Conversation with Frank Valdes (NOAO Scientist)
Tell us about your background, Frank. How did you become interested in astronomy?
As a child my interest in the sciences came from natural history museums and planetariums. I was a physics major as an undergraduate. (I might have chosen computer science except that discipline was just starting and my school didn’t have that major then.) All the graduate programs I applied to were in physics except for one in astronomy. The astronomy program was the one that responded with personal letters and references to interesting astronomy papers. I think I made the right choice to be in astronomy rather than physics. I did my graduate work in theoretical simulations so I gained experience with computational science. I was then recruited for a postdoc involving image processing (a topic that was still relatively new then). That experience led me to the Kitt Peak National Observatory (which eventually became part of NOAO) to work on image processing.
What do you do at NOAO? What are you currently passionate about?
I develop algorithms and science applications for astronomical data analysis and reduction. When I was recruited to NOAO I was particularly drawn to the vision of providing general, portable, and high quality astronomical software to the astronomical community. That led to my work with NOAO’s Image Reduction and Analysis Facility (IRAF) software system. My reward is the appreciation of astronomers throughout the community who use my software.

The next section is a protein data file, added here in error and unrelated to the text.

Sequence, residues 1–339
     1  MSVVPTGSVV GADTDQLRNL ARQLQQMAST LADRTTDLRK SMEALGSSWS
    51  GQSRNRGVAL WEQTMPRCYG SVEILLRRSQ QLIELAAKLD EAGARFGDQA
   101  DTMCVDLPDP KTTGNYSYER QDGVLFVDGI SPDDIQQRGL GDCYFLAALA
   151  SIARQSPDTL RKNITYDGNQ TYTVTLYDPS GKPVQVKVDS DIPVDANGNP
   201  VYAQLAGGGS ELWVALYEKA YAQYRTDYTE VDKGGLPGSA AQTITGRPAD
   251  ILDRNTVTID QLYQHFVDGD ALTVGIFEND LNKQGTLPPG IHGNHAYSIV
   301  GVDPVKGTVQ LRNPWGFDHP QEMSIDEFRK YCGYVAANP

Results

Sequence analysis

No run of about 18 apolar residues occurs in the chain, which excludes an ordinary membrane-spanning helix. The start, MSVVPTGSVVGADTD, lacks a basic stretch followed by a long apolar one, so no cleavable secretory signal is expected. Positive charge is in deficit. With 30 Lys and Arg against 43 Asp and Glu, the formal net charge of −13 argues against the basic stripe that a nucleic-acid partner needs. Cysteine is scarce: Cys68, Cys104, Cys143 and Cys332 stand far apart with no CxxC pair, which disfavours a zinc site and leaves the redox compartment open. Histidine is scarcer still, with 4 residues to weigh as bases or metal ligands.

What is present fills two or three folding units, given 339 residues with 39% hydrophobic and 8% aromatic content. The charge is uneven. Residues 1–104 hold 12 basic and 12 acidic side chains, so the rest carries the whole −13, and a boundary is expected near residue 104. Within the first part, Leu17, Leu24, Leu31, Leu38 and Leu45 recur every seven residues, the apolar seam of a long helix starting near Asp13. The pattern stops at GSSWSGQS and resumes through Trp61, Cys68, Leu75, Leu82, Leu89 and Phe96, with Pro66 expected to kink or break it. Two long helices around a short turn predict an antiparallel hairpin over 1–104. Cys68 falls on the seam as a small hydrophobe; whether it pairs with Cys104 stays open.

How long have you worked at NOAO and how have you contributed to its mission?
I came to NOAO directly from my one and only postdoc and have been here since 1982. My contributions have been principally through IRAF in areas of instrument reductions and spectroscopic analysis. I have also contributed to data acquisition systems such as those for the Mosaic and Newfirm cameras. Most NOAO instruments have data reduction tools provided through the IRAF software I’ve developed. I’ve also provided other observatory tools such as exposure time calculators.
What skills do you find are important in doing your job?
For developing science software applications an astronomical degree is important, as is experience in image and data processing, and mathematical proficiency in linear algebra, calculus, and statistics.
What do you like about your job?
I really like supporting the broader astronomical community and that aspect of NOAO’s mission.
What do you think about working and living in Tucson?
It is a nice size town, I like the climate, and I like being associated with a university.